While the skin damage caused by CNSL has been documented, researchers maintain that the health impacts of cashew processing remains underreported due to the vulnerability of these workers  – many of whom are uneducated, female, overworked and underpaid. 

‘They can't do anything because their hands are always in pain’

Faraja continued: 

These workers end up getting hurt. They can’t go to work anymore. They can’t go to the farm and farm because their hands are in pain. They can’t eat hot food. They can’t wash their clothes. They can't take showers. They can't cook. They become vulnerable. They can't do anything because their hands are always in pain.  It's really disheartening because this is not something that should be happening. It's someone exploiting them because they're poor. And at the end of the day, they make very meagre salaries. And it’s not just two or three people, it’s 200 people, 300 people who are working in these factories [Editor’s note: various cashew processing facilities in Kilifi County employ more than 1,000 people]. 

According to our Observers, Kenyan cashew workers make between 6 and 20 Kenyan shillings (0.04 to 0.15 euros) per kilogram of cashews they process. Each person can only process around five or six kilograms of cashews per day. Meanwhile, the cashew nut can be sold for 1,500 Kenyan shillings (11.20 euros) per kilogram, while the liquid can be sold at 4,000 shillings (approximately 30 euros) for 500ml. 

‘When the employer and the management noticed that I was asking them questions, they chased me away’

Ananda Shadrack, a YouTuber and Kilifi local, learned about cashew nut workers’ plights while researching a documentary project about the economic benefits of cashew cultivation in Kilifi last November. He visited a cashew nut processing plant:

I learned there the challenges the workers are facing there. Working from 6am to 6pm. No appropriate gear provided by the employer, low wages. I asked for permission from the management to be allowed to take videos and interview some workers. But my request was turned down. However I decided to go ahead and interview the workers without recording anything but when the employer and the management noticed that I was asking them questions, they chased me away.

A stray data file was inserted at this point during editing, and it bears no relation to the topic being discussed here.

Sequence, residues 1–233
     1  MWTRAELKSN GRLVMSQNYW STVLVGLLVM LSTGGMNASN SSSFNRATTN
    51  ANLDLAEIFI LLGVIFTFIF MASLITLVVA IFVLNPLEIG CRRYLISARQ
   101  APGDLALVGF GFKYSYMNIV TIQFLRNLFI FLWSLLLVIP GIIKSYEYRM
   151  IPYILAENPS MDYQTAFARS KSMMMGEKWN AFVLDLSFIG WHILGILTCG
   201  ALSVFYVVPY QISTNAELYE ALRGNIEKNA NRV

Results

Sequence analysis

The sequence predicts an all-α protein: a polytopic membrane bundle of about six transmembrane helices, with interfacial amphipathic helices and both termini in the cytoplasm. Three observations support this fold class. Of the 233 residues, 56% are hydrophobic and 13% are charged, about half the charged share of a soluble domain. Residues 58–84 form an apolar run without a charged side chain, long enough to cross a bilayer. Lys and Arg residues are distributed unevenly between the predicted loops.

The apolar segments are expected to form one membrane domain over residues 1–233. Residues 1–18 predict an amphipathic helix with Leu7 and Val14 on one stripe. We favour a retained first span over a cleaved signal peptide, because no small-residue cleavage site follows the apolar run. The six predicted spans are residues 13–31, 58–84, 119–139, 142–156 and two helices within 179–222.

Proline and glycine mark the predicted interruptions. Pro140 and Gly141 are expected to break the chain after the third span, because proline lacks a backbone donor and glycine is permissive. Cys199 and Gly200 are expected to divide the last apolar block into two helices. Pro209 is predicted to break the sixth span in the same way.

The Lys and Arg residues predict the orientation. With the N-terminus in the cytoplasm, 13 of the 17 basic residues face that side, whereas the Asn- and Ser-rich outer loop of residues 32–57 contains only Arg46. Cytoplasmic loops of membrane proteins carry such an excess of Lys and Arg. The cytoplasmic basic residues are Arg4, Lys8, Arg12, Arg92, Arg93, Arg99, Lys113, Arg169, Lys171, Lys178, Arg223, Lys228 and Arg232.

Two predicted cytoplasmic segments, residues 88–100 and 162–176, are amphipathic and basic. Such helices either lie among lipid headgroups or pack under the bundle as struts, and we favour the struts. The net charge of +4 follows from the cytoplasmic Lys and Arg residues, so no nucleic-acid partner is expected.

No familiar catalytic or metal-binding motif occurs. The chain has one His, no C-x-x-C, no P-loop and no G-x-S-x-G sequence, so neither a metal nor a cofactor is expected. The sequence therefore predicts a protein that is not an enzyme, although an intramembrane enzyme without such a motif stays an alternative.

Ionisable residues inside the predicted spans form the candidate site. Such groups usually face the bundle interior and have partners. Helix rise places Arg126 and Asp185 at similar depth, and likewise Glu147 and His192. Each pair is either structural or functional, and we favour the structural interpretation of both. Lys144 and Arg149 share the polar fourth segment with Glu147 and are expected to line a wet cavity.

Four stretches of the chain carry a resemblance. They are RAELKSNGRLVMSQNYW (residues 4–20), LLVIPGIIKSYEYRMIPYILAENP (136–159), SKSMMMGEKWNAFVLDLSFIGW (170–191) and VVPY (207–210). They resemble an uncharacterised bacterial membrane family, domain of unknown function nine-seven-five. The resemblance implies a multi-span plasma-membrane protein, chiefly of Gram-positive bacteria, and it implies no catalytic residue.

After seeing Faraja’s tweets, Shadrack went to speak with the victims at one cashew plant. He published his interview on YouTube.

“In my interview with [the workers], they revealed that the company they are working for does not provide them with the appropriate gloves to protect them from the nut oil. Instead, they give them gloves which only last for a few minutes, and they are only provided when visitors are around,” Shadrack explained in this video interview with cashew workers, conducted in Swahili.

Kilifi county is on the coast of Kenya. It is one of the marginalised regions in Kenya, faced with hunger, high levels of school dropouts and early pregnancies [Editor’s note: the poverty rate in Kilifi in 2016 was 48.4%]. 

For decades this region has not had even a single media channel that would try to highlight the challenges facing the people in this area so I decided to start one as a way of helping my people. I always try to broadcast every single injustice and abuse of human rights. The reason I talked with the labourers was just to help them get justice. 

Following the tweets and videos drawing attention to the injuries caused by cashew processing, the Kilifi County government inspected local cashew plants. They ordered one company – Warda Nuts, which employed the woman in the photographs – to close until it was able to provide medical certificates and protective equipment to all employees. They also helped the woman in the photographs seek medical care.

Kenya’s cashew nut industry indirectly employs up to 50,000 people. While production has declined drastically in recent decades, several national projects, as well as foreign manufacturers, have contributed to enhanced cashew nut production in Kenya’s coastal region.